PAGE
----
In January of 2006, Darren here at the club had
the pleasure of reviewing the original NZXT
Lexa, the latest entry in NZXT's Classic series. Darren liked
it enough to give it a 9.5, so NZXT is obviously doing something right.
Fast forward to August of 2007, and sitting in front of me is the update
to the Lexa; the Lexa Blackline. With the same shape as the
original Lexa, but a sleek new color scheme, the Blackline is sure
to turn some heads. So, let us revisit the Lexa design, and see
what changes NZXT has made.
What NZXT claims:
This is what NZXT has to say about their new case, straight from their
"Introducing the newly modified NZXT Lexa Blackline, designed with a
menacing Black and Red theme, the Blackline comes equipped with two RED
led 120mm fans running at 23dba and a top 80mm fan. The front is touched
with an piano black finish and the chassis is reinforced by an 1.0mm
steel chassis. The Blackline is also pre-drilled for external
water-cooling and sports an complete screw-less installation for 5.25",
3.5" and PCI-E. "
- nVIDIA 8800GTX Compatible
- Screw-less installation
- Pre-Drilled holes for Water Cooling
- 1.0mm Thick Steel chassis
- Stealthed clear side panel
- Three temperature display meter
- Glossy Piano Black Finish
- Low noise 1100 RPM@23dba Fans
- Removable Dust Filters for Dust Prevention
- Cable Organization via Rear Cage
- Ext. Ports: 2 x USB 2.0, Mic, IEEE 1394/FIREWIRE
- Headphone Jack
Model: LEXA Blackline SERIES
Case Type: MID TOWER Steel
Front Panel Material: PLASTIC
Dimensions (W x H x D): 220 X 522 X 569 mm
FRONT, 1 X 120 mm (optional)
REAR, 1 X 120 mm Red LED Fan (included)
SIDE PANEL, 1 X 120mm Red LED (included)
TOP, 1 X 80mm Fan (included)
11 DRIVE BAYS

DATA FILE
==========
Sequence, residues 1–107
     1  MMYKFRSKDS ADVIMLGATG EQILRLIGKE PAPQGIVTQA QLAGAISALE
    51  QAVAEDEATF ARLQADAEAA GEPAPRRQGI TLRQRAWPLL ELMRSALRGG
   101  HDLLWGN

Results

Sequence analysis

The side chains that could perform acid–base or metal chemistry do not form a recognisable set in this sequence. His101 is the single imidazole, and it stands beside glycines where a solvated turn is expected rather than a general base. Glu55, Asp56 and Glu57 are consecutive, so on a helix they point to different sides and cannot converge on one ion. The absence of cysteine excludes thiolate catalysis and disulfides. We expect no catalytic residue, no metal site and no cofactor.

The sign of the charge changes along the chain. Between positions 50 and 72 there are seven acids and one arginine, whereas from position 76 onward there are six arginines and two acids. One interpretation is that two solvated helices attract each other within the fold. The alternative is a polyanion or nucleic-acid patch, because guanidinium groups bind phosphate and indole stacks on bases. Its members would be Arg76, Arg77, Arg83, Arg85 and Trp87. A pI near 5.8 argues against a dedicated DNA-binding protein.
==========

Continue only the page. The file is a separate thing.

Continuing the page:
4 EXTERNAL 5.25" DRIVE BAYS
2 EXTERNAL 3.5 " DRIVE BAYS
5 INTERNAL 3.5" DRIVE BAYS
Screw-less Rail Design
Expansion Slots: 7
Power Supply: 500W PS2 ATX 12V 2.0 (Optional)
Weight: 11.5KGs (W/O PSU)
Motherboard Support: ATX, Micro-ATX, Baby AT
Out of Box Experience:
Now that we have the gory details out of the way, time to unpack the
case and give it a thorough inspection. First up, let's check out
the exterior features, then we will move on to the interior.
The first thing we notice is that everything is stealthed inside a sleek
looking facade. Everything is smooth and mysterious. The
power button resides on the top right corner, and next to it is a
temperature monitor that is hidden behind tinted glass. The
vertical line on the face is the Power LED, while the little dot
underneath is the HDD activity LED.
Opening the door reveals to us the optical and floppy
drive bays, as well as the reset switch. All the bays have the
same shiny black plastic. The door is held closed by two small
circular magnets, which can be seen at the top and bottom left of the
Turning the case ninety degrees, we get a good look
at what makes the Lexa series unique. The rear of the case uses a
bracket that gives the case a symmetrical shape. Also take note of
the 80mm fan at the top, and the 120mm fan in the door. The latch
is emblazoned with an "NZXT" label, and also utilizes a small lock.
Here is a close-up of the latch. As you can see
both the piano black finish and the metal trim are very reflective, and
instead of the circular style lock, the Lexa uses a standard key lock.
Another ninety degree turn, and we are at the back
of the case. The first big change over the original Lexa is
evident here, and that is the water cooling access ports.
Everything else is pretty much identical.
Finally, we have the right side of the case.
Like many other cases, not much to see here, except for the I/O access
area at the bottom near the front. From a modder's standpoint,
this is a blank canvas.
A closer look at the I/O access area reveals that the
Blackline supports Firewire, headphone, microphone and two USB ports, in
a much more convenient location than many cases, in my opinion.